The Scientist

» obesity and microbiology

Most Recent

image: Gut Microbiome After Weight-Loss Surgery

Gut Microbiome After Weight-Loss Surgery

By | August 5, 2015

Gastric bypass surgery can have long-term effects on the composition of the gut microbiome, a small study shows.


image: Subway Microbiome Study Revised

Subway Microbiome Study Revised

By | August 4, 2015

Researchers tone down their highly publicized study that reported the presence of deadly pathogens on New York City subways.


image: TB Traces

TB Traces

By | August 1, 2015

Take a trip to the mummy museum in Vác, Hungary, to see the human remains that helped researchers learn more about the origins of tuberculosis in Europe.


image: Pioneering Obesity Researcher Dies

Pioneering Obesity Researcher Dies

By | July 31, 2015

Jules Hirsch, who described the link between body weight and metabolism, has died at age 88.


image: Anthrax Sent in Error to 86 Labs

Anthrax Sent in Error to 86 Labs

By | July 29, 2015

A US Army lab shipped live spores of the deadly bacterium because of improper irradiation protocols, a Department of Defense review has found.

1 Comment

image: Antibiotic Resistance Can Boost Bacterial Fitness

Antibiotic Resistance Can Boost Bacterial Fitness

By | July 22, 2015

In some pathogenic bacteria, certain antibiotic resistance–associated mutations may also confer an unexpected growth advantage.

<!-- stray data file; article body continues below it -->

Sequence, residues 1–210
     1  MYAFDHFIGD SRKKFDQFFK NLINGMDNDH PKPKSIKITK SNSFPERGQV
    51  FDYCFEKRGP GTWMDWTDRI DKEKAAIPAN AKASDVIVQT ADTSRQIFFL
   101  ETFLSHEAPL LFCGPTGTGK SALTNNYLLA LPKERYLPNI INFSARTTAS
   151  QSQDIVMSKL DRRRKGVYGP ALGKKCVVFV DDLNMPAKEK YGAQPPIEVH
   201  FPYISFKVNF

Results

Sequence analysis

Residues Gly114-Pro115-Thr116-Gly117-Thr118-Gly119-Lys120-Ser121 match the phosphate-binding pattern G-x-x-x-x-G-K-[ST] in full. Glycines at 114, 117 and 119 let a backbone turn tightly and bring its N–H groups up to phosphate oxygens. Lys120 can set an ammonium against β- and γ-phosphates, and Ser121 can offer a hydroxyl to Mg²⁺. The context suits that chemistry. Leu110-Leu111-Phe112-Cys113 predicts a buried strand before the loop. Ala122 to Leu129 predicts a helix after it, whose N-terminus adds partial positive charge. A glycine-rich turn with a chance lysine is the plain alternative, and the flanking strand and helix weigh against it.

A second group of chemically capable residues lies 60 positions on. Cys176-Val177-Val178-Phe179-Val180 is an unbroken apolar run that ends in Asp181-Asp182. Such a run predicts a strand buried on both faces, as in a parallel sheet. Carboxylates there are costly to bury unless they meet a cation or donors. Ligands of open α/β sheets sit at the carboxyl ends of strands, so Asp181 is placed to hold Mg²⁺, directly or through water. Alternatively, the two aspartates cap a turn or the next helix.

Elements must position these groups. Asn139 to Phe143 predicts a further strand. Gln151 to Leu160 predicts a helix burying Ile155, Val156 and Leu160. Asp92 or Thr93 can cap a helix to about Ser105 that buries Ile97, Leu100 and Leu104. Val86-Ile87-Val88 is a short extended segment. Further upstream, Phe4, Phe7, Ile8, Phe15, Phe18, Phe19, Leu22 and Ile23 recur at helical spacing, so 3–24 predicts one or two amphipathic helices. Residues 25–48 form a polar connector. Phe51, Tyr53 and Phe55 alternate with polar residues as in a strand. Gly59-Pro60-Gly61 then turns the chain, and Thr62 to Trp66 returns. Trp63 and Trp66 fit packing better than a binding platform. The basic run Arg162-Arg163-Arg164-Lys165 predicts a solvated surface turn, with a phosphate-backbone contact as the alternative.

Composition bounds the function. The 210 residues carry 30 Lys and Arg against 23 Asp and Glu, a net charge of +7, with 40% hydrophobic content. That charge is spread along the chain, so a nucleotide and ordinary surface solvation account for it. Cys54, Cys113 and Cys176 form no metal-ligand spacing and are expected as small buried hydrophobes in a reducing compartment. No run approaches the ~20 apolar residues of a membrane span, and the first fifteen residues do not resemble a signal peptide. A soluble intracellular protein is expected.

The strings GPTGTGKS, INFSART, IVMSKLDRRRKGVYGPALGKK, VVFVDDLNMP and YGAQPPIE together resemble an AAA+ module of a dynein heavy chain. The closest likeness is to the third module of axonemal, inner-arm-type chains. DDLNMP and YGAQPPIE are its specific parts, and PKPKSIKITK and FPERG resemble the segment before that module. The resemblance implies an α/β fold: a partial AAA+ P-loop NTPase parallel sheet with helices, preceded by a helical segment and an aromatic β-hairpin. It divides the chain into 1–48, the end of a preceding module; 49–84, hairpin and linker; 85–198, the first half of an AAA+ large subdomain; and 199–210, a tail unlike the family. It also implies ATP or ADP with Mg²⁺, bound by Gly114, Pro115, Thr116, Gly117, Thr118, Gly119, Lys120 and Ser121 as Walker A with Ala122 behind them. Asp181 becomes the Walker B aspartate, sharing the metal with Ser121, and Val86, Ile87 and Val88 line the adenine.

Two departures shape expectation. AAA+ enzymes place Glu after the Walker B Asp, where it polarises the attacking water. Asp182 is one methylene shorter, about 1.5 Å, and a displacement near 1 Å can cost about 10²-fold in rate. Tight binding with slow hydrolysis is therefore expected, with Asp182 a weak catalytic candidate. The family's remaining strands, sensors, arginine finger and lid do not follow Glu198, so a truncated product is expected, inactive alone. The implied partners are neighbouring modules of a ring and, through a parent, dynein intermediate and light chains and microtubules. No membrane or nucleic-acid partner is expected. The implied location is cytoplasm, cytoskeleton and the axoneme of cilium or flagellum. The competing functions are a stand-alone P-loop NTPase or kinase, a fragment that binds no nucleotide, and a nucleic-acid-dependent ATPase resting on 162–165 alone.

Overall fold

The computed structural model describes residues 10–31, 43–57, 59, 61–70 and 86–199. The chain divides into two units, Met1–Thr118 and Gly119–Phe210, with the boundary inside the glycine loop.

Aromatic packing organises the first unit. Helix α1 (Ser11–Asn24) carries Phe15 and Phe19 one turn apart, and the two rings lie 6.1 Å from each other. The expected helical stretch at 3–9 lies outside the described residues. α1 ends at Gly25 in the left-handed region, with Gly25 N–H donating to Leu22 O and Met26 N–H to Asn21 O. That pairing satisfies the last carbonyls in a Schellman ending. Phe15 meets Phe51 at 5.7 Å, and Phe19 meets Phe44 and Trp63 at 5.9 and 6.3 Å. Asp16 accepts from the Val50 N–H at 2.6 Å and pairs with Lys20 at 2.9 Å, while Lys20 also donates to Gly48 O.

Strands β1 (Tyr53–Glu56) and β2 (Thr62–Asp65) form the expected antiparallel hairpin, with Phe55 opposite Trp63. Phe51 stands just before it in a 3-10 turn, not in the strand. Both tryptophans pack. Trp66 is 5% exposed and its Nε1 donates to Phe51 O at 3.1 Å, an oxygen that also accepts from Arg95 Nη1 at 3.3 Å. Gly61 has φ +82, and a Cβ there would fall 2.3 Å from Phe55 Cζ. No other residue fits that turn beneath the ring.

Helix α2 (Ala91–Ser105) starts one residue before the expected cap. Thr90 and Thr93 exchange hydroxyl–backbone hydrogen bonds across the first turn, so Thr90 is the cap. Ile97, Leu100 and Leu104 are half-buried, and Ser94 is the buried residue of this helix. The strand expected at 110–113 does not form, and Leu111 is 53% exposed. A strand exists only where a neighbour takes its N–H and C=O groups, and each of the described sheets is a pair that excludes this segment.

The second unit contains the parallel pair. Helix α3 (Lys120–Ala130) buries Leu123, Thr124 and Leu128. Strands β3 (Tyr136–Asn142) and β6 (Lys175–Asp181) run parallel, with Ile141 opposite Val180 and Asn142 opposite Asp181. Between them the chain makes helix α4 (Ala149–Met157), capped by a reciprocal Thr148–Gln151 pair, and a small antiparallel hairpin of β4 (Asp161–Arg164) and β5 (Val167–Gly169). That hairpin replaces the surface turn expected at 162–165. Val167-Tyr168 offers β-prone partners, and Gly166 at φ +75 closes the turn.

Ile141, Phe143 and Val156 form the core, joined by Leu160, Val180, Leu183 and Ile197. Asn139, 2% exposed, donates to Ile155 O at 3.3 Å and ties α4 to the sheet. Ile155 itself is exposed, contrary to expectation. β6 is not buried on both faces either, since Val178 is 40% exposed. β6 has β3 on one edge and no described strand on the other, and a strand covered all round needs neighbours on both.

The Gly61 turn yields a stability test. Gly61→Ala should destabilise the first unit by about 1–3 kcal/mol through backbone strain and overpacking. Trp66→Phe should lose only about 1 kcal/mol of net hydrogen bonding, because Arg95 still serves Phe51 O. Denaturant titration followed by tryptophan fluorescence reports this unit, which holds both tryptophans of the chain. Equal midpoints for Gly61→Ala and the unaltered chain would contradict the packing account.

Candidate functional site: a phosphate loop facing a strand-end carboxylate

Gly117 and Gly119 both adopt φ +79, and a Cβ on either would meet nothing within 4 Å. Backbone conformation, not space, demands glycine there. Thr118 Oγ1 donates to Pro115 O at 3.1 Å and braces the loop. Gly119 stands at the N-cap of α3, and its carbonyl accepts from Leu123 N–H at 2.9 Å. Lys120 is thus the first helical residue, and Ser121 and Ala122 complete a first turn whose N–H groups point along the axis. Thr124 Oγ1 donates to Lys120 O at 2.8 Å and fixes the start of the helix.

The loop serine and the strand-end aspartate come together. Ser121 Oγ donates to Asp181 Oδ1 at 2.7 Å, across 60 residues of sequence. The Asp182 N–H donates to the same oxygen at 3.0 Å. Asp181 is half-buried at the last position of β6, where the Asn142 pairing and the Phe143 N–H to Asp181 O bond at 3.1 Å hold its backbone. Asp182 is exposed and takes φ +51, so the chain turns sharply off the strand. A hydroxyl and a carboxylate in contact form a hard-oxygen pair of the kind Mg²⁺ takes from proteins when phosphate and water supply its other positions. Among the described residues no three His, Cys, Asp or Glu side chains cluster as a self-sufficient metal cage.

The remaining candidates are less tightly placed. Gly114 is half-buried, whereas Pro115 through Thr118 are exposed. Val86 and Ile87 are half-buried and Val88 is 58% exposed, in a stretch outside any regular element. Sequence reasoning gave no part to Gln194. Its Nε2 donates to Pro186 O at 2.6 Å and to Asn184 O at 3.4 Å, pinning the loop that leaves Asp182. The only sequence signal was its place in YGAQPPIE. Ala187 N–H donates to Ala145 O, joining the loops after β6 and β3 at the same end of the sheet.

image: Underground Immunity

Underground Immunity

By | July 16, 2015

Arabidopsis thaliana defense hormones shape the plant’s root microbiome. 


image: Bone Marrow Makes New Fat Cells

Bone Marrow Makes New Fat Cells

By | July 16, 2015

The origins of adipocytes have been hotly debated, but a human study supports the idea that the bone marrow takes part. 


image: Microbiome Teams Up Against <em>C. diff</em>

Microbiome Teams Up Against C. diff

By | July 14, 2015

Researchers build a mathematical model that can predict whether a mouse will be infected by Clostridium difficile based on the microbes found in its GI tract.

1 Comment

image: Evolution of Kin Discrimination

Evolution of Kin Discrimination

By | July 6, 2015

A bacterium’s ability to distinguish self from non-self can arise spontaneously, a study shows, reigniting questions of whether the trait can be considered an adaptation.


Popular Now

  1. Birth of the Skin Microbiome
    Daily News Birth of the Skin Microbiome

    The immune system tolerates the colonization of commensal bacteria on the skin with the aid of regulatory T cells during the first few weeks of life, a mouse study shows.

  2. Inside a Lab Mouse’s High-Fat Diet
  3. Battling the Bulge
    Bio Business Battling the Bulge

    Weight-loss drugs that target newly characterized obesity-related receptors and pathways could finally offer truly effective fat control.

  4. How Gastric Bypass Can Kill Sugar Cravings
Life Technologies